Careers

This course is part of continuing professional development and is designed to improve the delivery of the service. Gaining this qualification may enhance your career prospects within the profession of radiography.

Quick Facts

- This course is accredited by the Society and College of Radiographers.
- The course offers advanced practice modules.
- The course offers a flexible approach to learning.

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Therapeutic radiographers use sophisticated radiography equipment to treat patients suffering from cancer or non-malignant tumours by aiming doses of radiation at tumours. Read more
Therapeutic radiographers use sophisticated radiography equipment to treat patients suffering from cancer or non-malignant tumours by aiming doses of radiation at tumours. With an increasing amount of opportunities available for therapeutic radiographers, prospects for graduates are very bright.

In the treatment of cancer, accuracy is paramount and a variety of highly specialised equipment is available within Radiotherapy Departments to achieve this. Computerised Tomography (CT) simulators employ the latest technology to localise tumours. Technological advances in linear accelerator design ensure that treatment conforms to patients needs with pinpoint accuracy. Treatment units housing radioactive sources also play a useful role in patient management, as do 3D planning systems.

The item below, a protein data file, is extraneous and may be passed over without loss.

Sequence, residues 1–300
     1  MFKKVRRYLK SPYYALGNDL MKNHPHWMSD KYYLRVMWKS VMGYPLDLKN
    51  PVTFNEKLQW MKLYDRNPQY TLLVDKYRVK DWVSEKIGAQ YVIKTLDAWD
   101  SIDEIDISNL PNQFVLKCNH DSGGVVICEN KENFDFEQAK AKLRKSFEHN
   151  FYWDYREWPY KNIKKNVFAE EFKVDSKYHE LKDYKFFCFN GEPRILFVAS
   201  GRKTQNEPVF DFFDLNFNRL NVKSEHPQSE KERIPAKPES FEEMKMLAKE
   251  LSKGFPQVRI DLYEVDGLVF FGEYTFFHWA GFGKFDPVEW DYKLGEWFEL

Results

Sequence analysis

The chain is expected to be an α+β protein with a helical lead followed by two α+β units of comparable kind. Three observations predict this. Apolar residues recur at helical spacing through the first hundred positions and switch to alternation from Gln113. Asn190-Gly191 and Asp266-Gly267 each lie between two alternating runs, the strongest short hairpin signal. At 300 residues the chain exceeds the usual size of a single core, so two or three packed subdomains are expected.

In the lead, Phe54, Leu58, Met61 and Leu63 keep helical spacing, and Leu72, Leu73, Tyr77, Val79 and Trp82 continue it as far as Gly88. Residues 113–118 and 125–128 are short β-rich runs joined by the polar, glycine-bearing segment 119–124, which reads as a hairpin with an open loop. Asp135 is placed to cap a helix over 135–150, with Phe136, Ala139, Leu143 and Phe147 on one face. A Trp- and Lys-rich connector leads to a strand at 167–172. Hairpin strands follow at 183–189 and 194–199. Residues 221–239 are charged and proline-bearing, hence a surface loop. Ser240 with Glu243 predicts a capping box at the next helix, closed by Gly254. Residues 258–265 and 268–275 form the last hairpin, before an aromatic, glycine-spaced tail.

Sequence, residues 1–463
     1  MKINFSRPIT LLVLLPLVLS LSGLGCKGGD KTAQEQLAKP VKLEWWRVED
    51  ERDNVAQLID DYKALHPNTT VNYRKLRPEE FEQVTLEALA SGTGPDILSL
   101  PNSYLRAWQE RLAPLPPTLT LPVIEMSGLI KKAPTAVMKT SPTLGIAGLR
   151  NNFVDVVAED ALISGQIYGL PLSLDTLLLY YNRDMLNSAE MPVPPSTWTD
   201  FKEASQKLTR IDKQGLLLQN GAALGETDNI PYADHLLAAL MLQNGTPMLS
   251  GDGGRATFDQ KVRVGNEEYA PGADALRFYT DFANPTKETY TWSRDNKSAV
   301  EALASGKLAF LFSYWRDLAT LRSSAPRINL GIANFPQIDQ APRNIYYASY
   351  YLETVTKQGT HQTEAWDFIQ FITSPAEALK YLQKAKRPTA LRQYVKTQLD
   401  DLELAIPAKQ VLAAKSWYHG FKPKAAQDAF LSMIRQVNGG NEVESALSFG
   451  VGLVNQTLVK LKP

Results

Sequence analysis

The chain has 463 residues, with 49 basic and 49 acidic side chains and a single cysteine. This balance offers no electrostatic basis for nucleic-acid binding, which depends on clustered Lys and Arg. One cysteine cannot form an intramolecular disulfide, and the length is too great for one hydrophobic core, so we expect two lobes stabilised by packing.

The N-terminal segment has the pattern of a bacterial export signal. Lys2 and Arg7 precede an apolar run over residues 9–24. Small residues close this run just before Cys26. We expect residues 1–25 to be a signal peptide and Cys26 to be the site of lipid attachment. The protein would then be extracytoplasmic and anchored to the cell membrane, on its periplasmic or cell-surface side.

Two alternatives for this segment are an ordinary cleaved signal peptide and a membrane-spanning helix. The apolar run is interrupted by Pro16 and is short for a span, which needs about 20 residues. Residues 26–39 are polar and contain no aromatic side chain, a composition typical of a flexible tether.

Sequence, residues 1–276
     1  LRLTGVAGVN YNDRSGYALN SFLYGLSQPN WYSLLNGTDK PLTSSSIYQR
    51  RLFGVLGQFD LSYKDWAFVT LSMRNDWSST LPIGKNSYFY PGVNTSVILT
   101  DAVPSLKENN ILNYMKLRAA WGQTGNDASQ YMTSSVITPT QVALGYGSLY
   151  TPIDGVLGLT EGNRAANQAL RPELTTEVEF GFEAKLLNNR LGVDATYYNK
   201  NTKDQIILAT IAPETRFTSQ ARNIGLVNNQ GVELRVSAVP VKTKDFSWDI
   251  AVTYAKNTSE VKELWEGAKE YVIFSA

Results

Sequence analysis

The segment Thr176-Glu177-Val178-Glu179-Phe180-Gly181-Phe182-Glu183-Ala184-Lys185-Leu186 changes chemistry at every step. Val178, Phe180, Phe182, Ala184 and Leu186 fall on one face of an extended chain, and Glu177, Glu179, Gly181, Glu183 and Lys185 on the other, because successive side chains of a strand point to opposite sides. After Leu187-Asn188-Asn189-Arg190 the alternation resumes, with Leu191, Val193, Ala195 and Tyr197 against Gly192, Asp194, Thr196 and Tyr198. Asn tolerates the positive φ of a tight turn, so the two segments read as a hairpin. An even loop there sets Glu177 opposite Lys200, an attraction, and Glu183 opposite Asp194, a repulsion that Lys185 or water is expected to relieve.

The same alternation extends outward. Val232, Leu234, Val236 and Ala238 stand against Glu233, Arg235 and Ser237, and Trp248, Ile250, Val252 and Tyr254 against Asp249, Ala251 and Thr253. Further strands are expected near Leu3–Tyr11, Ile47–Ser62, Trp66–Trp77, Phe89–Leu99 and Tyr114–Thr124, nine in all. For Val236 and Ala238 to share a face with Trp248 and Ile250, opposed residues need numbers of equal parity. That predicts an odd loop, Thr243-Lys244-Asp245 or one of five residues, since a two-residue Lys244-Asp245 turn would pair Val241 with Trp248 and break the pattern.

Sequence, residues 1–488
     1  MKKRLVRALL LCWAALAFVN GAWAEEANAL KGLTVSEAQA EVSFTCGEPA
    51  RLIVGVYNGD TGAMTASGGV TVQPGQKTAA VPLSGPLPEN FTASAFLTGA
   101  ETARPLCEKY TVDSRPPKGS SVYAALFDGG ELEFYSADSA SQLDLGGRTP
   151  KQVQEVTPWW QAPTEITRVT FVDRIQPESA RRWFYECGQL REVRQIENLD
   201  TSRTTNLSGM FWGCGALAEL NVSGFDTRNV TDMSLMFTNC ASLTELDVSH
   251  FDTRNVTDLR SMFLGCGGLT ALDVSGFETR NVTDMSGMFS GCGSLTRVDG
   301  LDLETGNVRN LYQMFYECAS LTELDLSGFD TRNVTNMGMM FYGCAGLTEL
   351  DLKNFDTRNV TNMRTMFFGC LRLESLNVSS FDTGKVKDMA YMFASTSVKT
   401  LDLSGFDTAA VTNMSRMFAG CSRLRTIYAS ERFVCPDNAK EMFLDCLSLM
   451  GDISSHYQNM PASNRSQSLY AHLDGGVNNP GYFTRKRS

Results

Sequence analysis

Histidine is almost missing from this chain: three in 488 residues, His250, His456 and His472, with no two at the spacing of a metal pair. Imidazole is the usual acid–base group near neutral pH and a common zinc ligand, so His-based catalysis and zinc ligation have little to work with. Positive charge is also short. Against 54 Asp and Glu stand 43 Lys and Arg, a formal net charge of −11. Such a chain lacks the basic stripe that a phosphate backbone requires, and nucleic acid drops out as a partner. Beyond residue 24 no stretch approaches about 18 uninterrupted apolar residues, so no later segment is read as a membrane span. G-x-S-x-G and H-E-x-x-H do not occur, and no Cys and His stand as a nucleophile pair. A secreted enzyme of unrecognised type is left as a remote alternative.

Alongside the technology, the importance of high standards of communication and care of cancer patients cannot be overestimated. Cancer patients are treated by a multidisciplinary team in which the therapeutic radiographer plays a major role in reducing the sense of vulnerability and promoting patients autonomy.

Therapeutic Radiographers work within a multidisciplinary team in Radiation Oncology and play a vital role in the management and treatment of patients with cancer. They are predominantly responsible for treatment for the accurate localisation, planning and delivery of ionising radiation